If Hitler had defeated the USSR, modern Europe would have considered him a great savior

If Hitler had defeated the USSR, modern Europe would have considered him a great saviorA REGNUM continues the survey of Russian and foreign historians, the theme of which is the official commemoration in Europe this year of the day of commemoration of the victims of totalitarianism, which means only two political regimes - German Nazism and Soviet Communism. For questions A REGNUM August 3 was answered by Oleg Nemensky of the Institute of Slavonic Studies, RAS.

A REGNUM: Why the EU commemorates the victims of totalitarianism only, without remembering the victims of democracy and authoritarianism, fascism and militarism?

The main reason is the modern European identity. One thing is your sins, which are thought of as either overcome or as inevitably necessary. Another thing - thanks to the overcoming of which modern Europe was born. And the post-war Europe is built on the denial of Nazism and communism as that evil, in the struggle with which the good, the light of Western civilization, shows itself. And although many Europeans see the world as somewhat more complicated, it’s not they who set the weather, they don’t form the framework of European identity.

A REGNUM: What was the nature of the political regimes of Central and Eastern Europe in the 1930-1940-ies that the USSR faced at its western borders?

Political Regimes in Interwar Central and Eastern Europe were ideologically and organizationally much closer to Germany than the USSR. Most of them can be regarded more as a part of the fascist Europe of that time, than a liberal one.

And it is important for us now to understand that for many of these peoples (with the exception of the Czech Republic and, with some reservations, Slovakia), the victory of our country in the Second World War meant its own defeat, a national catastrophe. Even the Poles perceive the result of that war in precisely this way, because they have lost a third of the country in the east (their “Eastern Crees”), which they still grieve about. And it is hardly reasonable to expect that these people will be grateful to us for the fact that they were saved from the sad fate prepared by the Nazi politicians. It is all the more unpleasant to insist on gratitude from them. At one time this feeling was instilled in them, but it was so hard for them that now they would hardly return to it voluntarily. However, let us be honest - the liberation of these countries from Nazi Germany, the defashization of their policies - all this was in our best interest. For them, this event will never be a bright holiday. Where there is a victory of one side, there is a defeat of the other. And they were that other side. Now they need revenge.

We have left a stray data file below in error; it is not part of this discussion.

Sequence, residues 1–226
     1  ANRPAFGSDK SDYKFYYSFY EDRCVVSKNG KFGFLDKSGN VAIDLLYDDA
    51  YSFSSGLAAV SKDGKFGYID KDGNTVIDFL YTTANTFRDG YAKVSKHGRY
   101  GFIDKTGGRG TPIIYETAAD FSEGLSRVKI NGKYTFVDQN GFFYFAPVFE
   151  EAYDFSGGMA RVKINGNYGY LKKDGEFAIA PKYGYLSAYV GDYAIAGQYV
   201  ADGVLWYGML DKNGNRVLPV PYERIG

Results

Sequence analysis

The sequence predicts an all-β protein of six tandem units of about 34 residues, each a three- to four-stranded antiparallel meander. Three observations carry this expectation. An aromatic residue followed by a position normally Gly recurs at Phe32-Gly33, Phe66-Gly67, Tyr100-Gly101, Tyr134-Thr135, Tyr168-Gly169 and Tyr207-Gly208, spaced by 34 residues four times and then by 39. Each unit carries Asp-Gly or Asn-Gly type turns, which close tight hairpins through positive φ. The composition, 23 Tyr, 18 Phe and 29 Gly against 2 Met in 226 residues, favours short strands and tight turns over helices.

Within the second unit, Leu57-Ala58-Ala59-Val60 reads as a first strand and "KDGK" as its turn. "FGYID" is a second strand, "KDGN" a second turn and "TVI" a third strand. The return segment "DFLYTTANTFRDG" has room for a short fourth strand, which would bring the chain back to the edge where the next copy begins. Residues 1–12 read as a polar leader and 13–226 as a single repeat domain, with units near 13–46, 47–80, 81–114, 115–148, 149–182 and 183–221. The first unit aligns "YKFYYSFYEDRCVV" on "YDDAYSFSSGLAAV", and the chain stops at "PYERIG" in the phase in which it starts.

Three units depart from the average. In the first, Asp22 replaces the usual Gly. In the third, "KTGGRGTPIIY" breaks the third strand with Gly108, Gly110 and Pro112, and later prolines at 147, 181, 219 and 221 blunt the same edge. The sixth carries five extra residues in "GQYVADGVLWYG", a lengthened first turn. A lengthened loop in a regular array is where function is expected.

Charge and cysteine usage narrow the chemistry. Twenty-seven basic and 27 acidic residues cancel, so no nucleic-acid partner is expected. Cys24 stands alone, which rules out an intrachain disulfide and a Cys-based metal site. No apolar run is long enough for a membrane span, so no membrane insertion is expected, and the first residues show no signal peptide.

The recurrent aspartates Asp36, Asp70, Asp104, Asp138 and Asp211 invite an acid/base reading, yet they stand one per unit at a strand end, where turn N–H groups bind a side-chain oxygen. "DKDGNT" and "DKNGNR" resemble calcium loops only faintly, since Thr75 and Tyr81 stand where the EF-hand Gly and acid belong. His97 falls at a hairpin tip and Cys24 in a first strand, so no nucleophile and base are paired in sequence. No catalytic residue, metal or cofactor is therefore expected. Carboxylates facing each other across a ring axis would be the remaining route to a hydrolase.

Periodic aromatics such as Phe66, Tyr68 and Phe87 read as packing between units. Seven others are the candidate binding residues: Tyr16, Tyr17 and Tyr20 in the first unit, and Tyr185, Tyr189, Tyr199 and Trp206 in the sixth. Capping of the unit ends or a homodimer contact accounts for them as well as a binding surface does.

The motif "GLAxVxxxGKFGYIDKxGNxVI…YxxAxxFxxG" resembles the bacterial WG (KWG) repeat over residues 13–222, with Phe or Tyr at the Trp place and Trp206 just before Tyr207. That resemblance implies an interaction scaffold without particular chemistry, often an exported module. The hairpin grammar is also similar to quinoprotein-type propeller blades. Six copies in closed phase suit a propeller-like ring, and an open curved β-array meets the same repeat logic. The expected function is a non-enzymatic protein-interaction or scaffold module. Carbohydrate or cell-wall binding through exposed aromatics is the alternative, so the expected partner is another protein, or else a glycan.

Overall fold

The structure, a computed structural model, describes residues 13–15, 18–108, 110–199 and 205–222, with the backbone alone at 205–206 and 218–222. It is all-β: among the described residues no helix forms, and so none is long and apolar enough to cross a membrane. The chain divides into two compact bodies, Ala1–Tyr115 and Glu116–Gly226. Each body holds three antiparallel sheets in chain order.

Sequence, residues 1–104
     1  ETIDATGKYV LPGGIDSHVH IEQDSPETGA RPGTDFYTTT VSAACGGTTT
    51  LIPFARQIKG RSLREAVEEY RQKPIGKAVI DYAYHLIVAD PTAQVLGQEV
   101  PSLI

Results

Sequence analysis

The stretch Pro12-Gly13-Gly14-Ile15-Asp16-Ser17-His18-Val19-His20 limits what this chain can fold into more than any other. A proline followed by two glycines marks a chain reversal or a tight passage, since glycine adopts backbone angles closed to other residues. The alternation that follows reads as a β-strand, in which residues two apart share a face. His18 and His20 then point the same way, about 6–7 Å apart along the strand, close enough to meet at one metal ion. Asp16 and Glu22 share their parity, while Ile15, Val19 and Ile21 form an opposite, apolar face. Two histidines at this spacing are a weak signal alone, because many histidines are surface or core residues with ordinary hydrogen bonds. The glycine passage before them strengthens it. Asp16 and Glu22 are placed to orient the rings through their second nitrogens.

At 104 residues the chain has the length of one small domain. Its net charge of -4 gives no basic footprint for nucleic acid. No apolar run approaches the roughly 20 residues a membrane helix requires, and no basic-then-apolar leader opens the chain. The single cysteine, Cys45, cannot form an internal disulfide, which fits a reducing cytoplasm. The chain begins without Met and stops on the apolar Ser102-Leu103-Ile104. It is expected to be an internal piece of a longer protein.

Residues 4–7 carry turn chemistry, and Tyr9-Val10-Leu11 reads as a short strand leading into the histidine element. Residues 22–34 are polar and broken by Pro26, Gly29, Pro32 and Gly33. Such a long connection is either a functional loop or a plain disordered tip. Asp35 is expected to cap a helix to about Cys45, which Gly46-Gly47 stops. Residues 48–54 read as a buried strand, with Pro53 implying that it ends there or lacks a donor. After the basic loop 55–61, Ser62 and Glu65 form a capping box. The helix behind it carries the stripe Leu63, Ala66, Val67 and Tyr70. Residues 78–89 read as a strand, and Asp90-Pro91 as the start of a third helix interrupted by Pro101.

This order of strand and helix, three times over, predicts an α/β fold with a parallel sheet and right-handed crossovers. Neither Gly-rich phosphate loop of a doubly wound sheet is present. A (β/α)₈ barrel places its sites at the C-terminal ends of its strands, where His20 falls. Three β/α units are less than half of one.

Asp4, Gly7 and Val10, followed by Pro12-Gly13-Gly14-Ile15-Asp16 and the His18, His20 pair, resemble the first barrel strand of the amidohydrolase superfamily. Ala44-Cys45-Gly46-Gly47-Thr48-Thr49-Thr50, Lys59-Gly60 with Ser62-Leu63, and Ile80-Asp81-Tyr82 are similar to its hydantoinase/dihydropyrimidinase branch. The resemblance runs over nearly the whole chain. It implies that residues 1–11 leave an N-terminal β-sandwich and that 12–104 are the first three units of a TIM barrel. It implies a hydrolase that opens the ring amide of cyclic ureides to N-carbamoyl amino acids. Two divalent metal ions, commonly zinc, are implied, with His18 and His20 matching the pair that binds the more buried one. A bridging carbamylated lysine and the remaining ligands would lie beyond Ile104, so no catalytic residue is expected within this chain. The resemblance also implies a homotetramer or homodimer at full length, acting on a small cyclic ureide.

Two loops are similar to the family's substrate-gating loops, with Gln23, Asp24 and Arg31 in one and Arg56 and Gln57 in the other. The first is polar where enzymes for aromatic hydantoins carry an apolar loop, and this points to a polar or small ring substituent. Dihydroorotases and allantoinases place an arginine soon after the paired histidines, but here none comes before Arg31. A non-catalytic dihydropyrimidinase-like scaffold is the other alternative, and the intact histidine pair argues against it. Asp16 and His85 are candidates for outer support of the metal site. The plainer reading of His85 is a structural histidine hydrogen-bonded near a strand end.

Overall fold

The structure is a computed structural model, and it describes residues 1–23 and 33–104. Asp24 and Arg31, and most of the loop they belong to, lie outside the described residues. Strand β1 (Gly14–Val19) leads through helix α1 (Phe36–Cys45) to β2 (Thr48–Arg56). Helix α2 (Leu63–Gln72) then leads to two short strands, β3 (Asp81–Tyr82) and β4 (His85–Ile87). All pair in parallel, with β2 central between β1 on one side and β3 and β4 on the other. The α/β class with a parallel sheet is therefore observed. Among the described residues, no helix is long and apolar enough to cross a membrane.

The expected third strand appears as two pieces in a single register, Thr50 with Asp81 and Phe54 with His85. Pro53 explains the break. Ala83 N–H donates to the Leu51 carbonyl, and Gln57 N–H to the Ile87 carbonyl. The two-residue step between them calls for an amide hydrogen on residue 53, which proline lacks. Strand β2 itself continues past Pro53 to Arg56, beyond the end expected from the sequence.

These nations are sick of nostalgia for their interwar statehoods, for the geopolitical projects that they then built. And, yes, all these projects had connections with Germany, at least with the way she presented her plans in pre-war propaganda. The dream of revenge inevitably leads them to partial rehabilitation in their minds of the Third Reich. But the problem of these countries is that Nazism is recognized as “unequivocal evil” not only in Russia (USSR), but also in the West. And here the Central European peoples have problems. However, so far they manage to smooth out well.

A REGNUM: What goals were pursued by these regimes in relation to the USSR?

If we talk about those states that were formed as a result of the defeat of Russia in the First World War, or of its territories (like Romania), then for them the success of their interwar geopolitical projects was seen as a military defeat of the USSR. Only the fact of a defeated Russia again could guarantee them their independence from Moscow and their sovereignty over large territories that were formerly part of the Russian Empire. And Germany was seen as a natural ally in this matter, which she then used quite well in her policies and propaganda.

A REGNUM: What political device was planned to be implemented by national movements, in the 1940-ies. fought for independence from the USSR?

The political movements of the prewar years and the beginning of the war should now be assessed on the basis of the understanding that they were extremely inadequate in their understanding of what Nazism was and with what Germany takes their land. However, many of their leaders, due to rather quick military actions, did not believe in the inadequacy of their ideas. Or did not want to believe.

By the way, some movements could really have a chance to live with the new system. Nazi plans for the dismemberment of the Russian land went even further than the Bolshevik, and many current activists, for example, the Cossacks or Idel-Ural, have hard-to-hide nostalgia for projects that did not take place at that time.

A political structure - in any case, these would be different forms of fascism. However, it is not necessarily Nazi.

A REGNUM: Who started the division of Europe with Hitler on the eve of the Second World War: the USSR or the Western democracies?

The task of both Hitler and the "Western democracies" was in many ways common - the struggle against communism and the destruction of Soviet Russia. The trouble of the same France is that its leaders hoped that Germany would do it herself, without her participation. Hitler did everything to unite the West for a joint campaign against Russia. If he had won on the eastern front, modern Europe would surely have remembered him as a great savior and founding father, and any schoolchild could explain what a mortal danger for progressive humanity was represented by Jews, Roma and Russians. And so it would be not only in the Third Reich, but also in the countries of English-speaking culture.